Obesity: It's not a failure of willpower anymore.
The American Medical Association's decision Tuesday to officially label obesity as a disease at its annual meeting in Chicago is raising hopes among dieticians, bariatric surgeons and internists prescribing weight loss drugs that more of their services will be covered by health insurance.
"Take the stigma away so insurers will pay!" said Leslie Bonci, director of sports nutrition at the University of Pittsburgh Medical Center, in an email after the AMA's vote was announced.
But local insurers reacted more cautiously. "I think the standards are not going to change for right now," said Dr. Carey Vinson, Vice President of Quality and Medical Performance Management at Highmark.
A pronouncement by the AMA, he said, isn't going to affect coverage decisions -- allowing weight loss surgery for those who are on the lower end of the obesity scale, for example -- but conclusive medical research, gathered and disseminated over time, will.
"I think it's a little early," added Dr. Stephen Perkins, Senior Medical Director for UPMC Health Plan. The AMA's statement, taken in context, was aimed at increasing awareness in physicians about obesity's risks to the overall health of the patient, "but the AMA making a statement doesn't automatically change our benefit structure."
Moreover, "If you took a poll of doctors in Western Pennsylvania about the AMA's pronouncement, you would not get 100 percent agreement" that obesity is a disease. The mind-set that obesity still is about weakness and self-indulgence was also commonly reflected in comments on the Internet Wednesday.
"Being fat is a disease? So is being lazy a disease? Is making poor eating habits and choices a disease? Anyone that says they can't lose weight is full of it," said a poster dubbed WHATNOW44 on the CBS News website.
"ENOUGH with your EXCUSES!," said NATHAN36 on the Los Angeles Times website. "Moderation of junk food and physical activity with a smart and healthy diet isn't that hard of a concept to grasp."
Indeed, within the AMA, there was opposition to labeling obesity a disease. In a report, the organization's Council on Science and Public Health said "obesity results from personal choices to overeat or live a sedentary lifestyle."
If only it were that simple, said Daniel Gagne, a bariatric surgeon at West Penn Allegheny Health Care System.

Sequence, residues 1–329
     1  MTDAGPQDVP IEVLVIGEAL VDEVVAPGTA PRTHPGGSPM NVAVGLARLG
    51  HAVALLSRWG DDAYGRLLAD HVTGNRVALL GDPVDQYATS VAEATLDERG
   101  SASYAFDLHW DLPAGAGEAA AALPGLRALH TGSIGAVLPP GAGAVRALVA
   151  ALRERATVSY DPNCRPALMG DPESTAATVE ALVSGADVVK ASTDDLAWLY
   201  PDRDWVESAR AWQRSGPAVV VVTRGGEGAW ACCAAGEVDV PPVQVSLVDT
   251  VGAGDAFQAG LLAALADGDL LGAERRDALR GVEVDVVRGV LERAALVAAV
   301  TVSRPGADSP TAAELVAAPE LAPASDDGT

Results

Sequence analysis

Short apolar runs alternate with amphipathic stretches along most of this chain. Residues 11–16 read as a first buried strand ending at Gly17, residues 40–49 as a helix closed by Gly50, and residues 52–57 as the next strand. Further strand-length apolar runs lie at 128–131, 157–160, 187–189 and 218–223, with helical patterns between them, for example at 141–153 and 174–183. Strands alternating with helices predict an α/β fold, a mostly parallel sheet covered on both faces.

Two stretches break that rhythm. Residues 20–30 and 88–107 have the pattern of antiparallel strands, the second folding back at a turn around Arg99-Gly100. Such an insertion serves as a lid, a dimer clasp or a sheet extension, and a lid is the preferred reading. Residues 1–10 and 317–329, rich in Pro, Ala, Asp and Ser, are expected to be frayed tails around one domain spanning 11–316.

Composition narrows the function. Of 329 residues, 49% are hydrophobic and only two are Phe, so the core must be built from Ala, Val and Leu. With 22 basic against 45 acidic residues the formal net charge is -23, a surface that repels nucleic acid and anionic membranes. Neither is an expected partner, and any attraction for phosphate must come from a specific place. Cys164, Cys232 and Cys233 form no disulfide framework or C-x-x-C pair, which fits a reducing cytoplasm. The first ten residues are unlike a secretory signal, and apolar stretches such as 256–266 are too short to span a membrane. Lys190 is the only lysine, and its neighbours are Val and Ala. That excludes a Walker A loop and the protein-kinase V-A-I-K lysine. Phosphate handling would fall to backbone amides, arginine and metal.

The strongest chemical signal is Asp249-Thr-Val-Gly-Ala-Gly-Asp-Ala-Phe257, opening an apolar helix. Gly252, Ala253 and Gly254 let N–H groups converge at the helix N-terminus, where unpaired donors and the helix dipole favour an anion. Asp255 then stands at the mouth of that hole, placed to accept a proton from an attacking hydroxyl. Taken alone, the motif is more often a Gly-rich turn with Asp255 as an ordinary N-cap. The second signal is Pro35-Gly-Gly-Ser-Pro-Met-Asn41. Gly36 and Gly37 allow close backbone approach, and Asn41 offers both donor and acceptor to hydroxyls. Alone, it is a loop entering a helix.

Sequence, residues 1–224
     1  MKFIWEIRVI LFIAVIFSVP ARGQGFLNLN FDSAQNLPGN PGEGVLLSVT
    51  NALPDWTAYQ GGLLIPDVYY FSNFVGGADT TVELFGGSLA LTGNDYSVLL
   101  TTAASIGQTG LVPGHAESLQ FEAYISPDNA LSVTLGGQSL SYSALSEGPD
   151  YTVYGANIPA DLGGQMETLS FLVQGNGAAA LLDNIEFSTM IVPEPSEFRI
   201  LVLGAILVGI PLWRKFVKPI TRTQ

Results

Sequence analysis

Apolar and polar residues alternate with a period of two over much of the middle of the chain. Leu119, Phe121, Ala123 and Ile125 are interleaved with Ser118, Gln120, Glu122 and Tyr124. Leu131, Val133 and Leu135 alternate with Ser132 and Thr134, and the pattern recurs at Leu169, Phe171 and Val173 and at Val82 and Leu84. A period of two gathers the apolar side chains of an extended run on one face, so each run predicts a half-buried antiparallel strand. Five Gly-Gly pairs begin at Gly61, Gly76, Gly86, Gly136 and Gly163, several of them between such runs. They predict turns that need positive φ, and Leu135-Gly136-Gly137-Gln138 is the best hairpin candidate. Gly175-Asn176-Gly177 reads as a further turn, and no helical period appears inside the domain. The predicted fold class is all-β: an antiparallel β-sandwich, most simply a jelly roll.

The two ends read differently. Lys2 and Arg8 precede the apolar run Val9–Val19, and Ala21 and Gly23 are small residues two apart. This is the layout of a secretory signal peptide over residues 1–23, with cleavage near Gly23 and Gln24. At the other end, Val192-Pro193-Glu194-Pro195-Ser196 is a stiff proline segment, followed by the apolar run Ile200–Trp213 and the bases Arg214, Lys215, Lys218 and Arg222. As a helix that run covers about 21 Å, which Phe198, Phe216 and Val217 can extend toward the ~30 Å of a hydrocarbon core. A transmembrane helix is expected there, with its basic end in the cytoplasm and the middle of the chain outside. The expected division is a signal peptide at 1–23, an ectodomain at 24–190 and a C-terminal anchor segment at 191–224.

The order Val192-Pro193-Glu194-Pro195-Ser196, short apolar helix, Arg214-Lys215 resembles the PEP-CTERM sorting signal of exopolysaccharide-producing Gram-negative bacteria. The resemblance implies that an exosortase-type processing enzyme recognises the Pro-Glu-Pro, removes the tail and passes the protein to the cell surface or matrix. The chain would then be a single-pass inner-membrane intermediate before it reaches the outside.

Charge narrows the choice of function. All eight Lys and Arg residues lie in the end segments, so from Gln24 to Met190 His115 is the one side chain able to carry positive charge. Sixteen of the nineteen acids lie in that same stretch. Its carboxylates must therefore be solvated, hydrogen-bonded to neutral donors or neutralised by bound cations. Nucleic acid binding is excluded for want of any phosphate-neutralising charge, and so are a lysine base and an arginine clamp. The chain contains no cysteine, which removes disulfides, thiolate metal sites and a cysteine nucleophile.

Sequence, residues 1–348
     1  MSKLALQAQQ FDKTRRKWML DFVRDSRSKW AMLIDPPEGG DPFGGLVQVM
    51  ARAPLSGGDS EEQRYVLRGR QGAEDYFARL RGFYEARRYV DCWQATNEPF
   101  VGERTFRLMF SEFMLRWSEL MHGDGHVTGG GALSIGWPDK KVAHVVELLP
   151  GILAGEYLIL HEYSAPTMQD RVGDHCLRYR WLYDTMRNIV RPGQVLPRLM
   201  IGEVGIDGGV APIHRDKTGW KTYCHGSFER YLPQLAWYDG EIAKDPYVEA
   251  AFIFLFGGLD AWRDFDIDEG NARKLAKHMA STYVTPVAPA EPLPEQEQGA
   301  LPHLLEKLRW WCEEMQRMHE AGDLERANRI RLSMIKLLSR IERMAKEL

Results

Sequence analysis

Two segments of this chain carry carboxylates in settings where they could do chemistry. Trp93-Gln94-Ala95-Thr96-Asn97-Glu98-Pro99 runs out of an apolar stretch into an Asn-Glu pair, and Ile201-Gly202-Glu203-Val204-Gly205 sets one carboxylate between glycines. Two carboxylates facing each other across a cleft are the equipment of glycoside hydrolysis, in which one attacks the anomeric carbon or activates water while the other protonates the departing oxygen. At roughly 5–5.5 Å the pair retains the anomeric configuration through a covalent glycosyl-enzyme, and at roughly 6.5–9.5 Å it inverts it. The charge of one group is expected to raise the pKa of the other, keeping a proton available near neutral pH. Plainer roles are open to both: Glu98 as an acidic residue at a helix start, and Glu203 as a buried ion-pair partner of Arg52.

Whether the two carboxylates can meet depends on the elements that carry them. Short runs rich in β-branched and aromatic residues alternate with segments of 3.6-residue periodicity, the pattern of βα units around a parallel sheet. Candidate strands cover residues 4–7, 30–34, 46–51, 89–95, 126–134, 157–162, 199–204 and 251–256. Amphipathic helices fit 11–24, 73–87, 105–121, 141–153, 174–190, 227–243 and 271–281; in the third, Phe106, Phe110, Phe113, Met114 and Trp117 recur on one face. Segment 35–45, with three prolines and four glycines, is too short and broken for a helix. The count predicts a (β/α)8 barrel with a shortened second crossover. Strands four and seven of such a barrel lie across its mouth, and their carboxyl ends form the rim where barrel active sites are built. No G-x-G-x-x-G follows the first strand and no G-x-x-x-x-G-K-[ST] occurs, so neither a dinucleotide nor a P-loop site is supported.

"The whole notion that anyone who is overweight is just being lazy and overeating is not true," said Dr. Gagne, noting that he'd seen a patient Wednesday morning who weighed 400 pounds "and who eats all the right food. Some people are cursed with bad metabolism, they try to lose weight and it's very frustrating. It's a misconception that it's just about willpower."
Currently, obesity in adults is defined as having a body mass index, or BMI, of 30 or higher, a figure that is calculated by measuring body fat based on height and weight. Most insurers won't cover bariatric surgery, however, unless a patient has a BMI of 40, or 35 if other conditions, such as sleep apnea or diabetes, are present.
While a majority of state governments and private businesses include the surgery in their health plans, Pennsylvania is one of six states, along with Idaho, Kansas, Louisiana, Oklahoma and Montana, that don't offer it as a benefit to their government employees.
There are currently two weight loss drugs, both appetite suppressants, that insurers will cover. Qsymia, which promotes a loss of between 5-10 percent in excess body weight, has been on the market for about a year. Belviq, which is less effective -- losses of between 3 and 5 percent of excess body weight are reported -- hit pharmacies two weeks ago.
"They're to help you get started on a weight loss program, but we don't recommend taking them in isolation," said Marc Itskowitz, a primary care physician on the North Side whose practice mostly deals with problems caused by obesity. Some insurers, he noted, require a pre-authorization, a form completed by the doctor specifying the criteria for the medication.
But patients have found that the process for obtaining Qsymia -- which is only available through a 90-day mail order service -- too cumbersome, he added.
Then there's diet and nutrition counseling, which has often been categorized as a "lifestyle" benefit and isn't often covered by private insurers.
UPMC Health Plan provides weight loss management programs and counseling to every member, Dr. Perkins said, based on medical necessity -- although in an email, Ms. Bonci, a dietician, said "reimbursement has been an issue" when seeing patients at the UPMC Center for Sports Medicine.
"In previous dialogues the answer I have received is that diabetes and renal disease are the only diseases for which nutrition counseling is covered, but if that has changed I am delighted!"
Other changes in thinking about and paying for treatment for obesity may come soon, but not just because but the AMA has declared one third of all Americans -- the number estimated to be obese -- are sick, said Highmark's Dr. Vinson.
Rather, insurers make decisions based on a critical mass of studies indicating the need for a change in policy, he said. "I think over time, with more research and agreement as to what the parameters are" that define obesity, there will be adjustments, Dr. Vinson said, "but right now, based on what the AMA said, there will not be much change."
Mackenzie Carpenter: firstname.lastname@example.org or 412-263-1949.